Scientists identify source of weight gain from antipsychotics

New findings identify molecular mechanism behind rapid weight gain in patients treated with risperidone

DALLAS – May 12, 2021 – Scientists with UT Southwestern’s Peter O’Donnell Jr. Brain Institute have identified the molecular mechanism that can cause weight gain for those using a common antipsychotic medication. The findings, published in the Journal of Experimental Medicine, suggest new ways to counteract the weight gain, including a drug recently approved to treat genetic obesity, according to the study, which involved collaborations with scientists at UT Dallas and the Korea Advanced Institute of Science and Technology.

Chen Liu, Ph.D.
Chen Liu, Ph.D.

“If this effect can be shown in clinical trials, it could give us a way to effectively treat patients for their neuropsychiatric conditions without this serious side effect,” says lead author Chen Liu, Ph.D., assistant professor of internal medicine and neuroscience, and with UTSW’s O’Donnell Brain Institute and Hypothalamic Research Center.

Up to 20 percent of people who take risperidone, an atypical antipsychotic prescribed for a wide variety of neuropsychiatric conditions, add more than 7 percent to their baseline weight within a few weeks of treatment, contributing to other health problems such as high blood cholesterol and type 2 diabetes. The weight gain leads many patients to stop using the medication.

In the study, Liu and his colleagues developed a diet for mice that incorporates the drug and identified changes in gene expression and neuronal activity within the animals’ hypothalamus, a brain region long associated with appetite control. They quickly honed in on a gene called melanocortin 4 (Mc4r), which also is linked to obesity in humans. The Food and Drug Administration recently approved a drug that promotes Mc4r activity to treat some genetic forms of obesity, and Liu and his team showed that giving mice this drug along with risperidone prevented weight gain while maintaining effective treatment in models of schizophrenia – offering hope that this strategy might be effective for human patients as well.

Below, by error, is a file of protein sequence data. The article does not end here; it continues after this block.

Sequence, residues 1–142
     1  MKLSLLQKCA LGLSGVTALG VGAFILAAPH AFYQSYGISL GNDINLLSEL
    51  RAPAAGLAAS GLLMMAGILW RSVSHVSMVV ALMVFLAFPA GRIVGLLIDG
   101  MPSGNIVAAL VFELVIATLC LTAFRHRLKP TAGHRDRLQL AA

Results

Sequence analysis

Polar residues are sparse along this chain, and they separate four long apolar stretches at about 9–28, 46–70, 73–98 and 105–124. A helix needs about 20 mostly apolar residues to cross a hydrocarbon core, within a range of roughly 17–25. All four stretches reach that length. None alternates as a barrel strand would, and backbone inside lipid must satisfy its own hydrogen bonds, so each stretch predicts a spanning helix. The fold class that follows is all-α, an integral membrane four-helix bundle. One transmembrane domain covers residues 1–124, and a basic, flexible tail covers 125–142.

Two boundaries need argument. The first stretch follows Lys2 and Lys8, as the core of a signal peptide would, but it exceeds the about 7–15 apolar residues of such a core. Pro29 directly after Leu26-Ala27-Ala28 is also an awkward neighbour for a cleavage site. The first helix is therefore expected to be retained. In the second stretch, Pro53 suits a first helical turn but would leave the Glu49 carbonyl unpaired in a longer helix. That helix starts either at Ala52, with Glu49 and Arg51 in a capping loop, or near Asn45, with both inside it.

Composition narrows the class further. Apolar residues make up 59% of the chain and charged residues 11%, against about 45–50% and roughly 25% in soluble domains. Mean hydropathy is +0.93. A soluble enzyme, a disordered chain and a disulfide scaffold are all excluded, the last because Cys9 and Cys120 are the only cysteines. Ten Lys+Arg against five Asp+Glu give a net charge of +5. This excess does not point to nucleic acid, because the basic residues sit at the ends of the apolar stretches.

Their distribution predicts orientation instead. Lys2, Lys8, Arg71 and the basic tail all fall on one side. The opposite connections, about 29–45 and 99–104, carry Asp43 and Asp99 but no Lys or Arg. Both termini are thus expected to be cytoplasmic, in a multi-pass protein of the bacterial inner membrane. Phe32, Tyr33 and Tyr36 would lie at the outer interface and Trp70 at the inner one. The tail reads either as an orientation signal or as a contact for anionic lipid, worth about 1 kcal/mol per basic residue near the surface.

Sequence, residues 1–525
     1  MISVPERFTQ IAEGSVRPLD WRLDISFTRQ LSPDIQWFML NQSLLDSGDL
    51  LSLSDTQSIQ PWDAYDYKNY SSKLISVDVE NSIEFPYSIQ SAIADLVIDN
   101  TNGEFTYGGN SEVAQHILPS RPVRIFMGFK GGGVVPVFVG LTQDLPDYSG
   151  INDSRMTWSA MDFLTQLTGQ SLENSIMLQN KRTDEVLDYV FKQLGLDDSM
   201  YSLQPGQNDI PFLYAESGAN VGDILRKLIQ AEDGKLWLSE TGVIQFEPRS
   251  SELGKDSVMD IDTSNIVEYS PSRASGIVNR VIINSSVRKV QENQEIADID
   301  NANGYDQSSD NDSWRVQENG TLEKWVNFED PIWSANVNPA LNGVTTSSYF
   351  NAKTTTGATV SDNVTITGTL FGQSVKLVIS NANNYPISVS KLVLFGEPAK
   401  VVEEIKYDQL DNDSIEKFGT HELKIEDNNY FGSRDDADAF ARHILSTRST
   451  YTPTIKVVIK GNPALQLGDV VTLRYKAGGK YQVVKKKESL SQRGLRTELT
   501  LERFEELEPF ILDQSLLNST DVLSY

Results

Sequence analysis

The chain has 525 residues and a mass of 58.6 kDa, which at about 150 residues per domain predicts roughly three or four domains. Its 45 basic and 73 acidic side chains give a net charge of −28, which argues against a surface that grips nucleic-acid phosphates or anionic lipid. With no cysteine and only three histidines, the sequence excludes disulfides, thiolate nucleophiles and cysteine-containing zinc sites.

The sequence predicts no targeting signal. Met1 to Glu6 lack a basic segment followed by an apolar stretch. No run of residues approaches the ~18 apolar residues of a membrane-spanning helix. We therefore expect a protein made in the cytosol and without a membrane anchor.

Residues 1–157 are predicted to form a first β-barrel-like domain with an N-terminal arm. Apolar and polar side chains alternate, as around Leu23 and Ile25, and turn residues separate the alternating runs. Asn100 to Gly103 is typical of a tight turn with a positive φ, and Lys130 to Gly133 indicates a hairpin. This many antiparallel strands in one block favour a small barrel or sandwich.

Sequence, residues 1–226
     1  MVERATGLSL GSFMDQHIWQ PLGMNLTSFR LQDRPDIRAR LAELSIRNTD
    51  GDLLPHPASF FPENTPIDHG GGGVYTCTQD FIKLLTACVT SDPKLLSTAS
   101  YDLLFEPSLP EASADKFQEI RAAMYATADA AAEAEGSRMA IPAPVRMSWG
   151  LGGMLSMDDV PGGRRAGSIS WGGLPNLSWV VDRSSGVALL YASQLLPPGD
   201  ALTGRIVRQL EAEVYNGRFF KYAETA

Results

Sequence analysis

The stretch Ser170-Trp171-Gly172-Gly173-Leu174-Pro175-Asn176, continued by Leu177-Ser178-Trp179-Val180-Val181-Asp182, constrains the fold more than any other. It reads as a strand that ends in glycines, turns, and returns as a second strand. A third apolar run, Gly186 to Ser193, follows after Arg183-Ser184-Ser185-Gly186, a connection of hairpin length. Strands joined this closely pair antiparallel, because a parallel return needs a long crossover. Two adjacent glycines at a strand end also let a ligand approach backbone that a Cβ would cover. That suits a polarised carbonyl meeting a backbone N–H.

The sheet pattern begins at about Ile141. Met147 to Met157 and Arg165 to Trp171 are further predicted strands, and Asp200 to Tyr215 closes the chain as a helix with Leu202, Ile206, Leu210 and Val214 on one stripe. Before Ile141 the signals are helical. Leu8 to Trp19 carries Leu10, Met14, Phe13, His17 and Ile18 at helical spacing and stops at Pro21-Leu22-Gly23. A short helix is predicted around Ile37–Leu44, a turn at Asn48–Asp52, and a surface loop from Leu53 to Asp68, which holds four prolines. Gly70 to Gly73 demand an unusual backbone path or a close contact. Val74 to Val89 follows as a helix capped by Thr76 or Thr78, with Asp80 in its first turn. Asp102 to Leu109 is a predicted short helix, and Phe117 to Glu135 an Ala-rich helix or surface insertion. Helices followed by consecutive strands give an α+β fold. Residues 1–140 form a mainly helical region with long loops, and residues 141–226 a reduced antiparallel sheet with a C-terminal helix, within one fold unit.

The study was funded by grants from the National Institutes of Health (R01 DK114036, F32DK116427, K01AA024809) and the Korean National Research Foundation (2019R1A2C2005161).

Other researchers who contributed to this study include Li Li, Xiujuan Li, Steven C. Wyler, Xiameng Chen, Rong Wan, Amanda G. Arnold, and Shari G. Birnbaum, all of UTSW; Lin Jia, of UT Dallas; and Eun-Seon Yoo and Jong-Woo Sohn, of Korea Advanced Institute of Science and Technology.

About UT Southwestern Medical Center

UT Southwestern, one of the premier academic medical centers in the nation, integrates pioneering biomedical research with exceptional clinical care and education. The institution’s faculty has received six Nobel Prizes, and includes 25 members of the National Academy of Sciences, 17 members of the National Academy of Medicine, and 13 Howard Hughes Medical Institute Investigators. The full-time faculty of more than 2,800 is responsible for groundbreaking medical advances and is committed to translating science-driven research quickly to new clinical treatments. UT Southwestern physicians provide care in about 80 specialties to more than 117,000 hospitalized patients, more than 360,000 emergency room cases, and oversee nearly 3 million outpatient visits a year.